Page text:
While President Barack Obama announced former Sen. Chuck Hagel as his pick to replace outgoing Defense Secretary Leon Panetta, a number of groups and political figures are responding with a range of reactions, from outright opposition to hesitant backing to full support.
Hagel's nomination on Monday has caused a stir from some on both sides of the aisle, with some of the former Republican senator's statements and positions relating to the gay community and foreign policy coming under the spotlight.
He's been lambasted in particular for his opposition to unilateral sanctions against Iran, as well as for votes opposing labeling Iran's Islamic Revolutionary Guard Corps as a terrorist organization.
Among the criticism, Hagel has also taken heat for a 2007 interview that some perceive as anti-Jewish, pointing to a quote in which Hagel said the "Jewish lobby intimidated lawmakers."
The national director of the Anti-Defamation League said Hagel would not have been his "first choice," but he respects the "president's prerogative."
"I trust that the confirmation process will provide an opportunity for Senator Hagel to address concerns about his positions, which seem so out of sync with President Obama's clear commitment on issues like Iran sanctions, isolating Hamas and Hezbollah and the president's strong support for a deepening of U.S. Israel strategic cooperation," Abraham Foxman said in a statement.
He further expressed "hope" that Hagel would elaborate on his comments about the "Jewish Lobby."
The National Jewish Democratic Council gave similar-though cautious-support, saying they expect Hagel to "follow the president's lead" in support for Israel.
"President Barack Obama's unprecedented pro-Israel credentials are unquestionable, and setting policy starts and stops with the President. While we have expressed concerns in the past, we trust that when confirmed, former Senator Chuck Hagel will follow the President's lead of providing unrivaled support for Israel - on strategic cooperation, missile defense programs, and leading the world against Iran's nuclear program."
Some senators hinted that Hagel can expect to get a full grilling in his Senate confirmation hearings. Senate Minority Leader Mitch McConnell said Sunday on ABC's "This Week" that whoever is nominated will get a "thorough vetting."
And speaking Sunday on CNN's "State of the Union," Sen. Lindsey Graham of South Carolina labeled the former senator a "controversial" choice by Obama and didn't rule out staging a filibuster to prevent a vote on Hagel's nomination.
"Hagel, if confirmed to be secretary of defense, would be the most antagonistic secretary of defense towards the state of Israel in our nation's history," Graham told CNN Chief Political Correspondent Candy Crowley.
Sen. John McCain, R-Arizona, credited Hagel with his service in Vietnam and congratulated him on the nomination but went no further in offering support.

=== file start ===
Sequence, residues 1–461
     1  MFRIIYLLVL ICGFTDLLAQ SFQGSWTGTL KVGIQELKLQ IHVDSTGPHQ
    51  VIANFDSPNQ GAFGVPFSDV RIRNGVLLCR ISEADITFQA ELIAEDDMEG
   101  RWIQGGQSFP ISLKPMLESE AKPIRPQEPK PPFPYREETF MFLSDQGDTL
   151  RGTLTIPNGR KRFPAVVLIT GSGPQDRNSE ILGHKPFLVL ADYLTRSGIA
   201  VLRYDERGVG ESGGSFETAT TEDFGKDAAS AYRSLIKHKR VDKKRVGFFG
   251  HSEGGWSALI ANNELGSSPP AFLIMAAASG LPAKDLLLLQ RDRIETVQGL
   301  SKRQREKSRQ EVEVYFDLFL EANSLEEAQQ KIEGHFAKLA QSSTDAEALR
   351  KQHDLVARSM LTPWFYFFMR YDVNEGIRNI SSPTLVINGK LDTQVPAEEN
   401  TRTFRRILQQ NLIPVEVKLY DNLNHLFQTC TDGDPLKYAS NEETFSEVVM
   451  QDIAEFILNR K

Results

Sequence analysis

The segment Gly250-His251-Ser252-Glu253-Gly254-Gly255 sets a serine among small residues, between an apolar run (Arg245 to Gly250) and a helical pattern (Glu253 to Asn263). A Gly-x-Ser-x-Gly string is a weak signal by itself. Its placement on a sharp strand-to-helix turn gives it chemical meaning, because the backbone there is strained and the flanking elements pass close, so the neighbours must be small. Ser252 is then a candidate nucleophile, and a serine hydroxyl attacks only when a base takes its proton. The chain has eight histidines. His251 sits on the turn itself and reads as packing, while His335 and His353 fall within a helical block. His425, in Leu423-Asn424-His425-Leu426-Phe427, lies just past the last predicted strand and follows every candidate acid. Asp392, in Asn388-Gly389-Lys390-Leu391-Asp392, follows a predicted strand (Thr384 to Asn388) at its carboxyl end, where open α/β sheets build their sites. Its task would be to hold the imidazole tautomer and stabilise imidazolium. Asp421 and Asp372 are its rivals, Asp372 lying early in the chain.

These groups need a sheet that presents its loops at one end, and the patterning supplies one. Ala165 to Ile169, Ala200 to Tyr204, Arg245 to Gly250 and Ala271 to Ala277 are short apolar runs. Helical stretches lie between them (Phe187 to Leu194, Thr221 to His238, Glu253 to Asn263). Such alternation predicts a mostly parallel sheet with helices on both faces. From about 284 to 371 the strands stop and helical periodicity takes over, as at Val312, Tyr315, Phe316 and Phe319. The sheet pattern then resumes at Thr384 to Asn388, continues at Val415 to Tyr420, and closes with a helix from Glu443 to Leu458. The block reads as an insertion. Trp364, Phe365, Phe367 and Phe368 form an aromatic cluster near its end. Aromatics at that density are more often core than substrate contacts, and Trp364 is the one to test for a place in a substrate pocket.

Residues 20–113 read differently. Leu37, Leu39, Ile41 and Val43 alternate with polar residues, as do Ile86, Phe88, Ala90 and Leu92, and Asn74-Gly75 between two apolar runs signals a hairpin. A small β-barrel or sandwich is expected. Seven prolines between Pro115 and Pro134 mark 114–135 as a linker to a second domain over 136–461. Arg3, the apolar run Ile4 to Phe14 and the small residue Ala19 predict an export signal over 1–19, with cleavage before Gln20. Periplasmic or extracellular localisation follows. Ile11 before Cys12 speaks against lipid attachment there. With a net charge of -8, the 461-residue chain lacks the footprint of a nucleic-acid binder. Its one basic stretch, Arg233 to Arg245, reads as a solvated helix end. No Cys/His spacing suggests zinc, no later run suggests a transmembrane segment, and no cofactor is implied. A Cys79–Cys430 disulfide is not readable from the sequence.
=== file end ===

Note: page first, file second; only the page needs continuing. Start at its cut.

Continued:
"I have serious concerns about positions Senator Hagel has taken on a range of critical national security issues in recent years, which we will fully consider in the course of his confirmation process before the Senate Armed Services Committee," McCaiin said in a statement.
Meanwhile, some gay rights groups and activists have hit Hagel for his 1998 remarks questioning whether a nominee for an ambassadorship was suitable because he was "openly, aggressively gay." Hagel issued an apology for the remark in December. He's also received vocal opposition for supporting the Pentagon's former "Don't Ask, Don't Tell" policy.
On top of a newspaper ad released last month, the Log Cabin Republicans took out a full page Monday in The Washington Post, saying Hagel's apology was "too little, too late."
However, prominent gay rights activist Rick Jacob, who heads the Courage Campaign, gave his full support for Hagel in a Huffington Post op-ed Monday.
"Let's be clear about one thing: no one trying to derail his nomination attacks his qualifications. Instead, they seek to score political points and/or act at the behest of powerful special interests by denying the president his choice as defense chief," Jacobs wrote.
Other political figureheads gave Hagel high praise. They cite his time serving in the Vietnam War, for which he was awarded two Purple Hearts, and his two terms in the Senate.
"To try to make this sound like it's a pick outside of the mainstream is absolutely ridiculous. Chuck Hagel has been widely regarded as one of the smartest people on defense and national security issues," Sen. Chris Murphy of Connecticut said Monday on CNN's "Starting Point with Soledad O'Brien."
Senate Armed Services Committee Chairman Carl Levin, a Democrat from Michigan, said Hagel is "well qualified" for the job with his "broad experience in national security affairs."
"He was a decorated soldier and an effective member of the Senate, and he is a strong advocate for the men and women of our military," Levin said in a statement. "The Armed Services Committee will give prompt and careful consideration to Senator Hagel's nomination for this critical position."
Another Democrat, Sen. Dianne Feinstein, applauded Hagel and added she will support him in the confirmation process.
"I found him to be a knowledgeable and independent voice with a strong grasp of the pressing national security issues facing our country," said Feinstein, who chairs the Senate Intelligence Committee.
Former Secretary of State Colin Powell said he "wholeheartedly" endorsed Obama's nomination.